Friday, Feb 19, 2021
Anthony Blake Clark and Simon Halsey will visit during February and March.
The Westminster Symphonic Choir and conductor Steve Pilkington are welcoming two guest conductors in February and March. Anthony Blake Clark, conductor of the Baltimore Choral Arts Society, will work with the ensemble from his home in Maryland in February. Simon Halsey, who holds positions across the UK and Europe, will join the choir from his home in the UK in March.
Clark’s residency is titled "Say Their Names: from the Crucifixion to the Black Lives Matter Movement.” He says, “We will juxtapose Domenico Scarlatti’s “Stabat Mater,” a piece from the Baroque era that speaks of death and loss through the lens of Christ's crucifixion, with music written recently about the senseless deaths of black men and women at the hands of police officers: excerpts from Joel Thompson’s "Seven Last Words of the Unarmed" and Alysa Lee’s “Say Her Name.” We will tie the theme back to the classical canon by exploring the hope amidst grief and loss found in the second movement of Brahms "Ein Deutsches Requiem" - “Denn alles Fleisch es ist wie Graß.”
Halsey’s program, titled “Simple Gifts,” includes Benjamin Britten’s setting of the unison folksong “The Salley Gardens.” He says that he chose this piece to show “how a genius (Britten) takes a folk melody, adds a great poem (by WB Yeats), adds a metronomic right hand in the piano to formalize it into an art song and then illustrates and undermines the poem with a dissonant left hand.” Halsey hopes the students in the choir will reflect on how Britten worked, the relationship of text to music, and the tradition of unison singing. He adds, “Unison singing demands perfect intonation, uniformity of vowels, consonants phrasing, and listening.”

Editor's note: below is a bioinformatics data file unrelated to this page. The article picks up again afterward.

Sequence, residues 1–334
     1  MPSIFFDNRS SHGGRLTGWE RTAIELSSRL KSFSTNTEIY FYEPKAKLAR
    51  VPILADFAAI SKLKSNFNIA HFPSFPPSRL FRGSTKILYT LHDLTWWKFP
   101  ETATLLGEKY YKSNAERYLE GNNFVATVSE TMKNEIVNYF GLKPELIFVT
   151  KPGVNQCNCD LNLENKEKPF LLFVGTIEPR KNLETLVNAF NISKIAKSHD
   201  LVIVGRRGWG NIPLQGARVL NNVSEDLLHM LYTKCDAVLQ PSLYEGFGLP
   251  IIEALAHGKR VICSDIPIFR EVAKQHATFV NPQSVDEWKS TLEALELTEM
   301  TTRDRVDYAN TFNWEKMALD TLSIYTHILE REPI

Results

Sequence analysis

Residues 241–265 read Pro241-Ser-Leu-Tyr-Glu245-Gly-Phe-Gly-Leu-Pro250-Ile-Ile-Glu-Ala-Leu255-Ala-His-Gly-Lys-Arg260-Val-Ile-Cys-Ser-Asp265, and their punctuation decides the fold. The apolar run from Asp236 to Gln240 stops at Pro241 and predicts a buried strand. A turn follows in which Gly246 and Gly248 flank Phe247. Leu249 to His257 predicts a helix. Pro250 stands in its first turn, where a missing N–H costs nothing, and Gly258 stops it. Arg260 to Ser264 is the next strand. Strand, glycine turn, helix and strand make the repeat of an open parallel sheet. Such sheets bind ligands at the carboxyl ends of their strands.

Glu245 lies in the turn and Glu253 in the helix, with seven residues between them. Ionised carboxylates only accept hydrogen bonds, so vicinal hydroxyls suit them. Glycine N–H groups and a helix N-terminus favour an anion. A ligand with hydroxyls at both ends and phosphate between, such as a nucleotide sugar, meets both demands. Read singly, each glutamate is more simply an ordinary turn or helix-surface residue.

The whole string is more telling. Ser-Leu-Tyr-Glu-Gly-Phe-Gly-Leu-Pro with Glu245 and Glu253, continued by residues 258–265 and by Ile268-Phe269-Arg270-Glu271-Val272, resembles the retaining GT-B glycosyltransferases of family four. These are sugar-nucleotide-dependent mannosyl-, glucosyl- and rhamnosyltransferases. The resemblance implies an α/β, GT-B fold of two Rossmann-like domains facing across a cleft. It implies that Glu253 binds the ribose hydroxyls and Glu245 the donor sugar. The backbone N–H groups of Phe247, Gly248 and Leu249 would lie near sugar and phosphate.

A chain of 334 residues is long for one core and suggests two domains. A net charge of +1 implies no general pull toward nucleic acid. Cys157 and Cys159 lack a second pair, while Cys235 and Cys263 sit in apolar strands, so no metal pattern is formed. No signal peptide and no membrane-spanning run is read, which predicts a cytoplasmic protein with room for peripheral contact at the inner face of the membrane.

With Halsey, the choir also will study “Old Abram Brown,” from Britten’s choral setting “Friday Afternoons.” Singers will learn the importance of scales and arpeggios, good singing technique, a clear sound, communication among each other, feeling an inner pulse, clarity of diction, and legato phrasing, all in a song written for children. “This will be quite relevant with so many singers studying to be conductors and teachers of children’s choirs,” he says.
Additionally, the ensemble will focus on “Peace on Earth” by contemporary Black female composer Errollyn Wallen. Halsey says, “This selection is a beautiful piece that demands attention to diction, imagination on the part of the singers and enables them to reflect on minimalist style.”
Consistent with the theme of simple gifts, Halsey will also focus on “The Lamb” by John Taverner and “Stateless” by David Lang, which requires 12 soloists without a conductor, each sharing their story of displacement. He will conclude his residency with a focus on Aaron Copland’s “Simple Gifts.”